A devoted friend to Sioux City immigrants and their families, Mary Treglia (1897-1959) dedicated her life to helping those in need. For over 33 years, she served the immigrant population of Sioux City as director of the Community House.
Mary Treglia was born in Sioux City on October 7, 1897, the only child of Italian immigrants Rose and Anthony Treglia. Her parents left Italy in the 1880s and came to Sioux City where they opened a fruit stand at 415 Pierce. The family lived upstairs. Sadly, Mary’s father died when she was just 22 months old, leaving Rose as the only provider for her little girl. Rose supported herself and her daughter with a confectionary and fruit store located at Sixth and Douglas. She sold candy, fruits, canned goods and her famous boiled ham.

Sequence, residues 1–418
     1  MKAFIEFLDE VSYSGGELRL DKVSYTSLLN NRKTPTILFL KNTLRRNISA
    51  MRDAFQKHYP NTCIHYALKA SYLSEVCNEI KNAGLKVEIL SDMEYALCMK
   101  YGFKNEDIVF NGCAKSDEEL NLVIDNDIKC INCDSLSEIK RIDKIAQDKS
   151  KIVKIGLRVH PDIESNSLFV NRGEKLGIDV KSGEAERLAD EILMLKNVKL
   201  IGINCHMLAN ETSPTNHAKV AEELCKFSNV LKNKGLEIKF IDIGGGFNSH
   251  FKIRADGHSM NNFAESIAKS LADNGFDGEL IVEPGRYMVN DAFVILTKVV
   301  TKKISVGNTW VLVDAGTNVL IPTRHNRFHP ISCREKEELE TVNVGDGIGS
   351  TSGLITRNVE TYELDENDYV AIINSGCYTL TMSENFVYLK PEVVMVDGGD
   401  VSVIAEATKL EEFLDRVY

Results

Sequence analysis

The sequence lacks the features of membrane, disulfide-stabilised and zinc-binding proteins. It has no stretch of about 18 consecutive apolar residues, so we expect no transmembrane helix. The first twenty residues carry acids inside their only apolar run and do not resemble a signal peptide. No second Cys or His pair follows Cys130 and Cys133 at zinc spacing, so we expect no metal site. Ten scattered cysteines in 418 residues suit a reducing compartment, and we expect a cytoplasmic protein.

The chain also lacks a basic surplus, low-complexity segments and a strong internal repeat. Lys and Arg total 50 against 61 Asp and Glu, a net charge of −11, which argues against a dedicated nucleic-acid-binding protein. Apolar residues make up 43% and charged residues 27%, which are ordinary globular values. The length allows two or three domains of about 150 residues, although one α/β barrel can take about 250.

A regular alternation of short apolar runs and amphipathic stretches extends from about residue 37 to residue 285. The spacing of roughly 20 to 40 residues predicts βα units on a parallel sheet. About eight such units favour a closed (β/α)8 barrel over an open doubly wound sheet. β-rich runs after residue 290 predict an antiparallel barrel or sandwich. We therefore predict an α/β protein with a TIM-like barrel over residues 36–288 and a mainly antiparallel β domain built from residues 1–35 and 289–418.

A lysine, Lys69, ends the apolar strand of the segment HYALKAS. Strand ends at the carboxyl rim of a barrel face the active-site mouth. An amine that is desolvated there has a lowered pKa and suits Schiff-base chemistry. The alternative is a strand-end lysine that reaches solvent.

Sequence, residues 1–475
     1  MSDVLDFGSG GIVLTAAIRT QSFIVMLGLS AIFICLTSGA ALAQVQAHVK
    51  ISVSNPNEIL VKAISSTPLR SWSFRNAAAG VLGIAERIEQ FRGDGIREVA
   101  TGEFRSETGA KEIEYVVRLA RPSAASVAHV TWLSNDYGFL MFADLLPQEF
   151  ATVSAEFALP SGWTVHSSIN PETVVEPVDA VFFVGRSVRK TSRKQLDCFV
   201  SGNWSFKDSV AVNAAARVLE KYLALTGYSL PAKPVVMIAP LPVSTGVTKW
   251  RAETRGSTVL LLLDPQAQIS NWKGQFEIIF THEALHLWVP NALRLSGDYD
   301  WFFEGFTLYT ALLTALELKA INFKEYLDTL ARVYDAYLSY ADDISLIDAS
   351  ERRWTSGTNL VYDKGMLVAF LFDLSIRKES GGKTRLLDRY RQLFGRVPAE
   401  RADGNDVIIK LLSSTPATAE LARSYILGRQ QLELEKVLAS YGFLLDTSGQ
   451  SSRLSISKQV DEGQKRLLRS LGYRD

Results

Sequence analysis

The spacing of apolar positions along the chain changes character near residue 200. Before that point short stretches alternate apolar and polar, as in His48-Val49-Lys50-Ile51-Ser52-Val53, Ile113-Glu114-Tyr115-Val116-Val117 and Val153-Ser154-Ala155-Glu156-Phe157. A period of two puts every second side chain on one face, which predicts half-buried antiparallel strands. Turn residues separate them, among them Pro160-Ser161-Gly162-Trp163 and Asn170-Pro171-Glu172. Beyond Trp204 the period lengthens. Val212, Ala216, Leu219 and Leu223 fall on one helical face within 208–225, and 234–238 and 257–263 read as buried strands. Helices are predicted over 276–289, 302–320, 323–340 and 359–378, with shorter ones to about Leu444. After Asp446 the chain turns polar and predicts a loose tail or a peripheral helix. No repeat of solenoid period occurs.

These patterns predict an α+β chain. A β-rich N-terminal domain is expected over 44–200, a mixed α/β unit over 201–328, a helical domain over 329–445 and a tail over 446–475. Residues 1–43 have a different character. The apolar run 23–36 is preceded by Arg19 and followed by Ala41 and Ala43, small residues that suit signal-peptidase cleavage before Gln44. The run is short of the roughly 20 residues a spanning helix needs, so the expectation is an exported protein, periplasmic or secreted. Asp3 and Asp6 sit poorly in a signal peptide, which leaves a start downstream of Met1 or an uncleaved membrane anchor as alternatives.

As Mary grew up, she attended public schools in Sioux City and graduated from Central High School. She developed an incredible ability to play baseball and soon discovered that she could throw a baseball farther than most boys in her neighborhood. Sometimes she worked as an umpire for men’s baseball games. Occasionally, she accompanied well-known umpire Bobbie Blank as he traveled across the district where he officiated. Mary gave pre-game exhibitions and amazed the crowds with her ability to catch high balls and throw the ball farther than most men.